Black Panther: Wakanda Forever honors Chadwick Boseman’s legacy in powerful, tear-jerking sequel


Rohan Prakash

The sequel film to Black Panther celebrates Boseman’s life as audiences mourn his passing.

The highly-anticipated sequel film Black Panther: Wakanda Forever released in theaters globally on Nov. 11. The action-packed film follows Shuri (Letitia Wright) as she deals with the loss of her older brother, T’challa (Chadwick Boseman). The biggest concern with the movie was how it would handle the death of the previous actor for Black Panther, Chadwick Boseman, who passed away in August 2020.

The movie begins with Shuri panicking in her laboratory, desperate to save her brother’s life, but to no avail. The film never explicitly reveals the actual cause of T’Challa’s death, which feels like the better choice. Wakanda holds an enormous funeral for its fallen leader, and the people dance to celebrate his life. 

T’Challa’s mother, Queen Ramonda (Angela Bassett) takes the throne and works with Shuri, Okoye (Danai Gurira), and M’Baku (Winston Duke) to protect Wakanda from interfering world nations. 

Wakanda discovers the existence of an underwater nation known as Atlantis, governed by leader Namor (Tenoch Huerta). Shuri meets Riri Williams (Dominique Thorne), an intelligent engineer from MIT, who poses a threat to Namor because of her cooperation with the US government to retrieve vibranium. Due to this, Shuri must protect her from Namor. As tensions rise between the two powerful nations of Wakanda and Atlantis, they must prepare for war against each other.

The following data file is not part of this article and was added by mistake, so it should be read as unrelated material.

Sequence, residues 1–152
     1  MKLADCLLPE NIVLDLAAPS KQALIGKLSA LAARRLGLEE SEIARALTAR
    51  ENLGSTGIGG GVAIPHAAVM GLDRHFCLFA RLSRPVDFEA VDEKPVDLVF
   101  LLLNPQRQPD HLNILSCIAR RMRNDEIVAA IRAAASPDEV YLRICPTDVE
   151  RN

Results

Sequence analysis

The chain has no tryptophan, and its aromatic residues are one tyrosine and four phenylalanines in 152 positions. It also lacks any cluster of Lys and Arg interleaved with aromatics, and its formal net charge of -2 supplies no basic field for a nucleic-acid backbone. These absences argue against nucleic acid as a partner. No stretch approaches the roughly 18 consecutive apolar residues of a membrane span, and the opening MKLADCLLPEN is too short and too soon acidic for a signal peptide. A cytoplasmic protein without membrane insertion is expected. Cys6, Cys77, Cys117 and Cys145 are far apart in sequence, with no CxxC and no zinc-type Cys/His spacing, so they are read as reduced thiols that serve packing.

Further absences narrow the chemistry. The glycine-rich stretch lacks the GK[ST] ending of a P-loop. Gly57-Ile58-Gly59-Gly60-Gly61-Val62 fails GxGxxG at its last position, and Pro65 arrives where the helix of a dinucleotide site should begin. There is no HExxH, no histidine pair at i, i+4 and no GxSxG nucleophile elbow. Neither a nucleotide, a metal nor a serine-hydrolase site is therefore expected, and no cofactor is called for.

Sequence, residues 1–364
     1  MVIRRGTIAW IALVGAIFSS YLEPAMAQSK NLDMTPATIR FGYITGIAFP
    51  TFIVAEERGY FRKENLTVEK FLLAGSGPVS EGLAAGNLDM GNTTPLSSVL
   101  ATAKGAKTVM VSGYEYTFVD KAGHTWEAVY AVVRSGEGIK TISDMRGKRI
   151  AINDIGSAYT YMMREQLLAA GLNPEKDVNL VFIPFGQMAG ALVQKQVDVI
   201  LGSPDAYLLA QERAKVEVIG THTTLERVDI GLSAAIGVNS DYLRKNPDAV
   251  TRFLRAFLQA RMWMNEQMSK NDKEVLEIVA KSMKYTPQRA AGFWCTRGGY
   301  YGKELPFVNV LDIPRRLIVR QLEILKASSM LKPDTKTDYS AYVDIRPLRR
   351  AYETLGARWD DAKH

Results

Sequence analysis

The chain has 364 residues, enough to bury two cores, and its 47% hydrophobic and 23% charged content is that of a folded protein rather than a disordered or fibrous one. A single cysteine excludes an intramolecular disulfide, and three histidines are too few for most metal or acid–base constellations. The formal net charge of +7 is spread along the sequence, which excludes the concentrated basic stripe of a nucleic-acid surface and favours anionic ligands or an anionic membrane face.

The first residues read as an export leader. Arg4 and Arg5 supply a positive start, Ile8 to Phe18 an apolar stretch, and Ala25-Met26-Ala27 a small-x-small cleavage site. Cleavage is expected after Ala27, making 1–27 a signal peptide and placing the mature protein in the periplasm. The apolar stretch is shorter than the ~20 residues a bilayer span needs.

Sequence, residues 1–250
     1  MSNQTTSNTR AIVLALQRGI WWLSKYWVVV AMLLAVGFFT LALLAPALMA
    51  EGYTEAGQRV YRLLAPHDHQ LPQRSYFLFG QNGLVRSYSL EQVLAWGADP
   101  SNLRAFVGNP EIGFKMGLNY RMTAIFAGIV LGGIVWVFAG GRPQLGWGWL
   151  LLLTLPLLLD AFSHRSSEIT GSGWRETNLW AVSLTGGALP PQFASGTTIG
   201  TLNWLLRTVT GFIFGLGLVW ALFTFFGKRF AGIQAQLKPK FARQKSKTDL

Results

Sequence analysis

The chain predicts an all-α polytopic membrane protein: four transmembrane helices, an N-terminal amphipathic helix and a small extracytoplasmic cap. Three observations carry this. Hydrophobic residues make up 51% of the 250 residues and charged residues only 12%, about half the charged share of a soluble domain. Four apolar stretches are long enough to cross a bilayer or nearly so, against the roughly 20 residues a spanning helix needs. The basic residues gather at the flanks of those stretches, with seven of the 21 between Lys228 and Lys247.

Throughout the film, Shuri struggles with the loss of her brother. However, in the end, Shuri finds closure and reflects on the life of T’Challa, as the audience reflects on the life of Chadwick Boseman. 

One great aspect of the film was the acting. All of the actors played their roles well, especially Letitia Wright and Tenoch Huerta. They were able to convey their emotions so effectively, and many times their performance evoked strong emotions in the audience, such as the scenes where Shuri mourns for her brother.

Another great element of the movie was the visual effects. Recently in Marvel, the visual effects have been very substandard and cheap-looking. However, it was pleasing to see lots of effort put into the CGI and VFX for many of the action scenes this time.

The film implemented a very enjoyable soundtrack and musical score. All the songs played were perfectly placed at the right scenes. Some song highlights were “Con La Brisa” by Foudeqush and Ludwig Göransson, and the credits song “Lift Me Up” by Rihanna. The fusion of Mexican and African musical elements into the soundtrack mirrors the representation of Mexican and African culture in the movie.

One issue with the film was that at some points it dragged out for too long. There were a handful of scenes that felt like they could have been shortened or cut from the movie, which wouldn’t have affected the plot.

At the beginning of the movie, the classic Marvel title card plays, but instead of a normal introduction, the audience see clips of Chadwick Boseman’s roles in the MCU, and instead of the usual anthemic theme, there is silence to honor Boseman.

Overall, Wakanda Forever effectively honors Boseman’s legacy. There was no scene in the movie where it felt that they were attempting to exploit his death. Rather, the film properly addressed his passing by not shaping the entire plot around his death, but at the same time using the difficult subject to push forward a message about grief.

Although there is plenty of action and comedy throughout the film, it is also an emotional rollercoaster about healing after loss. With poignant use of music, acting, and the overarching context of Chadwick Boseman’s passing, Black Panther: Wakanda Forever turned out to be a thrilling yet heartwarming story.